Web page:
Assassin’s Creed: The Ezio Collection Review

I have a pretty long love affair with the Assassin’s Creed series.  I started with Assassin’s Creed 2 and never really looked back.  I’ve tried to play the first AC game from time to time, but that game is too gnarly even for me.

I’ve played and beat every single main Assassin’s Creed game, and even a few of the ancillary titles (Assassin’s Creed: Rogue).  So, as someone who is a big fan of the franchise this collection suits me just fine.  However, some aspects of all three games have aged well. While, some aspects are even worse.

Assassin’s Creed: The Ezio Collection Review

Title: Assassin’s Creed:  The Ezio Collection
Platform: PS4 [Reviewed], Xbox One
Genre: Action Adventure
Developer: Ubisoft
Publisher: Ubisoft
Players: 1
Rating: M for Mature
Release Date: November 15, 2016

Assassin’s Creed 2

If you want to talk about quantum leaps in sequels it doesn’t get much bigger than the jump from Assassin’s Creed 1 to Assassin’s Creed 2.  Aside from the new character of Ezio Auditore, there were some big changes made in various areas. A major shift to how combat worked within the narrative structure of the game. How you can earn money. The stealth mechanics, and more.  Almost every gameplay system from AC1 was changed (and improved upon) in Assassin’s Creed 2. 


Combat in the first game was a complete chore because your counter timing had to be perfect. You couldn’t strafe or jump around. Not to mention, you seemed weak.  In AC2, the counter system is much more forgiving, to the point of being broken. There are more moves at your disposal, and you can slaughter reams of guys with ease if you know what you’re doing.


A basic gameplay system of the first game was you have to actually research your targets beforehand.  This generally involved a lot of busy work pickpocketing people, or eavesdropping on conversations.  This was completely removed in Assassin’s Creed 2.  The game is far more linear, each major target is broken up into individual missions, which eventually culminate with you assassinating them.  Most of the missions aren’t hard. They generally boil down to you killing some low level grunts. Perhaps, stealing some object, or even rescuing someone.


In AC2, you can actually earn money, which is a nice change of pace from AC1’s economy.  About a quarter through AC2, you are introduced to . Your uncle’s villa and surrounding town.  You can invest in buildings in the town, which nets a bonus on their wares. This also gives you a constant stream of money as you play.  It starts off small, but the money you get does build up. This lets you buy upgrades for your weapons and armor as you play.

The Story

Aside from Ezio being a much better hero than Altair was, the story is also a much more personal affair packed with interesting characters.  For starters, your main friend in the game is Leonardo da Vinci and his portrayal is just great. You also meet characters like La Volpe, Caterina Sforza, Machiavelli, and Rodrigo Borgia.  These people come to life in this game and it makes history seem much more exciting.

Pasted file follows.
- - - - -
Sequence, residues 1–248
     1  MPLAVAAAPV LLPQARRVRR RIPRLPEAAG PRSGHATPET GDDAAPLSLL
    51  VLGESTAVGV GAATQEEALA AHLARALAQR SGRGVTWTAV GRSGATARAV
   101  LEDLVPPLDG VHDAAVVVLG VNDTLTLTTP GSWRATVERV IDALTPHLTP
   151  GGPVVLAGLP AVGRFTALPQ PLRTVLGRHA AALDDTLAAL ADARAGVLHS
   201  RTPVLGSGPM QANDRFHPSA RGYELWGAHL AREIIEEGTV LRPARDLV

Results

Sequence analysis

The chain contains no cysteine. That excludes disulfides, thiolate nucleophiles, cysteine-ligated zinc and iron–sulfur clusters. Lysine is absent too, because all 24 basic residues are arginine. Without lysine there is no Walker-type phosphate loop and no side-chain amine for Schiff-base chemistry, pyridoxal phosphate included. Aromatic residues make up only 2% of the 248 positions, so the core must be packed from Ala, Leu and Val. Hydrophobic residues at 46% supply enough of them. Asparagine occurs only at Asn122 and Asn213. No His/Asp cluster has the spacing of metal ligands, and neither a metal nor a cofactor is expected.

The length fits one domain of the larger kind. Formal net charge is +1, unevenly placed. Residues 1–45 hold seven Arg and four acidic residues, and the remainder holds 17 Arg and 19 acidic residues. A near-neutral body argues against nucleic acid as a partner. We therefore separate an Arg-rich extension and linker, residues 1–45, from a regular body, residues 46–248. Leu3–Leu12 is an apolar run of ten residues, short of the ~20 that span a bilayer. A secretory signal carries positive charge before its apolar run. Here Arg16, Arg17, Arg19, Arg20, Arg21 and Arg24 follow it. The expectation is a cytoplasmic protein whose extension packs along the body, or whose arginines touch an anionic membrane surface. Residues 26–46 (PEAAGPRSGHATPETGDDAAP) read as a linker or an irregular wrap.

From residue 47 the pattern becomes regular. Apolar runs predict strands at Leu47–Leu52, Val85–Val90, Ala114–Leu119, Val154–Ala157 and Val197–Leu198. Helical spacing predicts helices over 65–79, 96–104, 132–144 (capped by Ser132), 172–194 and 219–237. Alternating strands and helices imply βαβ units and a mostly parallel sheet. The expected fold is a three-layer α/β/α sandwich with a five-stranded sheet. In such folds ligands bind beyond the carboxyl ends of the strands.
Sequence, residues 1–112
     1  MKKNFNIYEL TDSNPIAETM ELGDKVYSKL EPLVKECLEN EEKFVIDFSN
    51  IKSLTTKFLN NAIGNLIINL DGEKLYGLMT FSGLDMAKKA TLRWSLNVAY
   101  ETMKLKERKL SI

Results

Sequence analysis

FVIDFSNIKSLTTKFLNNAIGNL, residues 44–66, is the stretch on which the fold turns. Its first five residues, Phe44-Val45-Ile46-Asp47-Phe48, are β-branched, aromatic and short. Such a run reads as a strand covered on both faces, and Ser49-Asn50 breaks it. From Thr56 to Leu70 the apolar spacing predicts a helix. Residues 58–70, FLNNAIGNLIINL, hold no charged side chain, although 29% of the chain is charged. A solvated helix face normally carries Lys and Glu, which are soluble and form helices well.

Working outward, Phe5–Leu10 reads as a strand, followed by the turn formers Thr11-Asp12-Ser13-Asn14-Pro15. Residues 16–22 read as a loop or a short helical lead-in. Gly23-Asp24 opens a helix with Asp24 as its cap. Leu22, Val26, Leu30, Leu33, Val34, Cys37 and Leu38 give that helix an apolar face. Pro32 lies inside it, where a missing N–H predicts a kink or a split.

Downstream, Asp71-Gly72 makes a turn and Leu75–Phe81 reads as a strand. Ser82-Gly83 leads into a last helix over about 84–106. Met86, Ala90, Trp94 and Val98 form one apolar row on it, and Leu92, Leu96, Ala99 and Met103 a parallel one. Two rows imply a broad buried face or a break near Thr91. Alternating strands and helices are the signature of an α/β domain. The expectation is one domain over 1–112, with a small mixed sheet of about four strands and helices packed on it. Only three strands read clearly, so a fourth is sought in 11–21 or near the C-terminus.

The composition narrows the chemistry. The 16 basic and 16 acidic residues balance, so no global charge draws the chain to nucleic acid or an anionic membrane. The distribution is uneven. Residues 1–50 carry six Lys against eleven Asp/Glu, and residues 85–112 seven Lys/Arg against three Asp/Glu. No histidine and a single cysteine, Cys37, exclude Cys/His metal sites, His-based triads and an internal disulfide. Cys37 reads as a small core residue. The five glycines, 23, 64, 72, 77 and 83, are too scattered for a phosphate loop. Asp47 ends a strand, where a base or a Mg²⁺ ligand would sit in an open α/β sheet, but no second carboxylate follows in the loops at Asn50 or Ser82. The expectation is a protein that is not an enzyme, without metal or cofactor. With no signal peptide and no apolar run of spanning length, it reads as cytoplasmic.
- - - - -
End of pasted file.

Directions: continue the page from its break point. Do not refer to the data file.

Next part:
Assassin’s Creed Brotherhood

Honestly, Assassin’s Creed Brotherhood is just AC2 but squared.  They fixed a few niggling issues AC2 had and introduced some dramatic and important systems to the game to make it a more cohesive and grand experience. 

The Brotherhood

One of the new systems in Brotherhood, is in fact the brotherhood you acquire in the game.  The Brotherhood is your gang of assassins that you send out on missions so they gain experience and help you out in the main game.  As you progress through the game, they get better in both combat experience and gear. Then, they can be used pretty frequently if you need some extra help.

Upgrading Rome

In Brotherhood, Monteriggioni is gone. So, the upgrading mechanic is now applied to the vast city of Rome and its surrounding areas.  You can choose to open Blacksmith, Tailor, Doctor and Art shops to supplement your income.  You can also open up banks to actually pick up your income, so you don’t have to keep going back to a single place over and over like in AC2.


There are two big additions to combat in Brotherhood. The ability to chain together kills, and the crossbow.  Chaining together kills works by you countering an attack, killing the attacker, then moving the stick in the direction of an enemy and killing them in one blow.  Then, you move the stick towards another enemy and can kill them in one hit as well.  You can keep this kill chain going so far as enemies are reasonably close to you, or you don’t get hit out of it.  The crossbow is a new ranged weapon, largely replacing the gun in AC2. Since it’s a silent weapon, you can use it to kill foes from afar.

Bonus Goals

As opposed to AC2, there are hidden goals for you to complete in Brotherhood.  These usually involve killing an enemy in a specific way. Being completely undetected throughout a mission. not taking damage, etc.  None of the optional goals are mandatory, but they do provide some extra challenge for the player to try accomplish something.


Not only is the story in Brotherhood just as good as in AC2, but they expand the present day narrative as well. By letting you get to know Shaun, Rebecca and Lucy a bit more as you go through the main campaign.